Chief Secretary to the Treasury Danny Alexander has come out today to announce that public sector workers will have to work for longer and contribute more to their pensions in what appears to be a pre-emptive strike against public sector unions, as fears grow over a potential “summer of discontent.”
While the debate continues, it is interesting to note one particular argument used by Alexander, which sets the tone for the way the government wish this issue to be read in the media:
It is unjustifiable to ask the taxpayer to work longer and pay more so that public sector workers can retire earlier and receive more themselves.
Note that Alexander suggests this is a case of “the taxpayer” being pitted against “public sector workers.” He appears to have forgotten, or is ignoring, that public sector workers are “taxpayers” too.
But, of course, it suits the government to treat this as an adversarial contest, placing themselves on the side of “the taxpayer” in trying to negotiate down the “unjustifiable” pensions of the public sector. In his report – on which these negotiations are based – Lord Hutton explicitly rejected the accusation that public sector pensions are “gold-plated,” but this is nonetheless a common refrain, especially among private sector workers who have already taken their share of the pain and wish to see some of the burden borne by the public sector too.
Of course, it is not the public sector’s fault that the private sector has allowed itself to be placed in this position by allowing management to ride roughshod over workers for decades, and that a truly “fair” approach to pensions would try to improve the lot of private sector workers rather than damage that of the public sector, but all of this misses the point.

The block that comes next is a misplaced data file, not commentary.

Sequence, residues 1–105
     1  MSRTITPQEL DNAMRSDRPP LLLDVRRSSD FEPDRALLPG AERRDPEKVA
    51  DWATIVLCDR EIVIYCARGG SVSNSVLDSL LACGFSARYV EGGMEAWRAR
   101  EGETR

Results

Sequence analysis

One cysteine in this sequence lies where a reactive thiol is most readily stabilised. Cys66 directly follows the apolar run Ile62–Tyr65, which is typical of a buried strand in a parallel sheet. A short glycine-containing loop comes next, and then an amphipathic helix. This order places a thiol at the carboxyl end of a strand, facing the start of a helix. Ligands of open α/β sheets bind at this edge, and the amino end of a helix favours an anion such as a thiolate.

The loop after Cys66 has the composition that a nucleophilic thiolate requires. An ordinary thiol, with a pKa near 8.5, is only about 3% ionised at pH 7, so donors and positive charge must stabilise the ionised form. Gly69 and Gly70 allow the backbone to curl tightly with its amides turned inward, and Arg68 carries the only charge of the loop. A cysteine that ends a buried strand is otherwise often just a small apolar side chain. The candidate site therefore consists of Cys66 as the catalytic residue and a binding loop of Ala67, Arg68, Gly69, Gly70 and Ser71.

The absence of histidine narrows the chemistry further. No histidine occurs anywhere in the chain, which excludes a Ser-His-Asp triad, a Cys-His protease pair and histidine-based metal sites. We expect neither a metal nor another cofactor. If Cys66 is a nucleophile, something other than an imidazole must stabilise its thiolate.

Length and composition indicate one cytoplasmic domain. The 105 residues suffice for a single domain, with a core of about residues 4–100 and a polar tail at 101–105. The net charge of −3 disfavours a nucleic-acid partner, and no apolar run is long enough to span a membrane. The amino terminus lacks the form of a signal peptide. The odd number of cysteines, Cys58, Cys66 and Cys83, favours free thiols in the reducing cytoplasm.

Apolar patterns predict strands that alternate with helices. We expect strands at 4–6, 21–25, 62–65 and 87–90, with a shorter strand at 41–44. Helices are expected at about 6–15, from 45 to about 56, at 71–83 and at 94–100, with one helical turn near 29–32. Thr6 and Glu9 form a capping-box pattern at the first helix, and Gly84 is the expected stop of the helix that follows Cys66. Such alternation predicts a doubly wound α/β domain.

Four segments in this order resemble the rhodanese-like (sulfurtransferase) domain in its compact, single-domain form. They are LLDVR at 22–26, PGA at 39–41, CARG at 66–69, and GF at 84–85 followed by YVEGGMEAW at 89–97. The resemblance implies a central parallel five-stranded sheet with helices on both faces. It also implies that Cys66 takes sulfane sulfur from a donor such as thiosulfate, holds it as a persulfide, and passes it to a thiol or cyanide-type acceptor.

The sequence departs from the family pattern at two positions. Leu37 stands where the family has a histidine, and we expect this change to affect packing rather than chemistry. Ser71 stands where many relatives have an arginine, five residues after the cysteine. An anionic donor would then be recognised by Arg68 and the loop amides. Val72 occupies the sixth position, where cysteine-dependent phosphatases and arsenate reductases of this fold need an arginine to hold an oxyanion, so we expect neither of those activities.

The point is that this is not a “contest” between public and private. Old, tired, right-wing myths such as “the private sector creates wealth; the public sector spends it” are divisive and unhelpful. Simply put, in our mixed economy, they are false. It suits the Tories, and some of their Lib Dem enablers like Danny Alexander, to foster divisions between public and private – and indeed, this corresponds closely with their paradigm that the private sector is automatically righteous and good, with the public sector being backward and wrong. But the reality is rather different – in our economy, public and private complement, rather than conflict with, one another.
It also suits the Tories to engineer a punch-up between themselves and the unions, probably in order to acquire some justification for the next round of anti-union legislation they will surely try to push through. Already we have Tory MPs suggesting that minimum wage laws be relaxed, with further assaults on workers’ rights probable as this parliament proceeds.
While the government pretends that it is in meaningful talks with unions, with Alexander accusing them of being “hell bent on premature strike action before discussions are even complete,” the government indicated months ago that neither the increase in workers’ contributions to their pensions, nor the shift in the pension inflation link from RPI to CPI, were negotiable. Having foreclosed the discussion on both of these important factors, the government was always setting itself up for a battle with the unions – one in which the prize, it hopes, will be the further curtailment of workers’ human right to withdraw their labour.
The way forward, for those of us opposing the government’s moves, will be to outflank them by calling out their adversarial posturing for the stupidity it is. All sectors will need to work together, rather than against one another, if we are serious about fixing our floundering economy.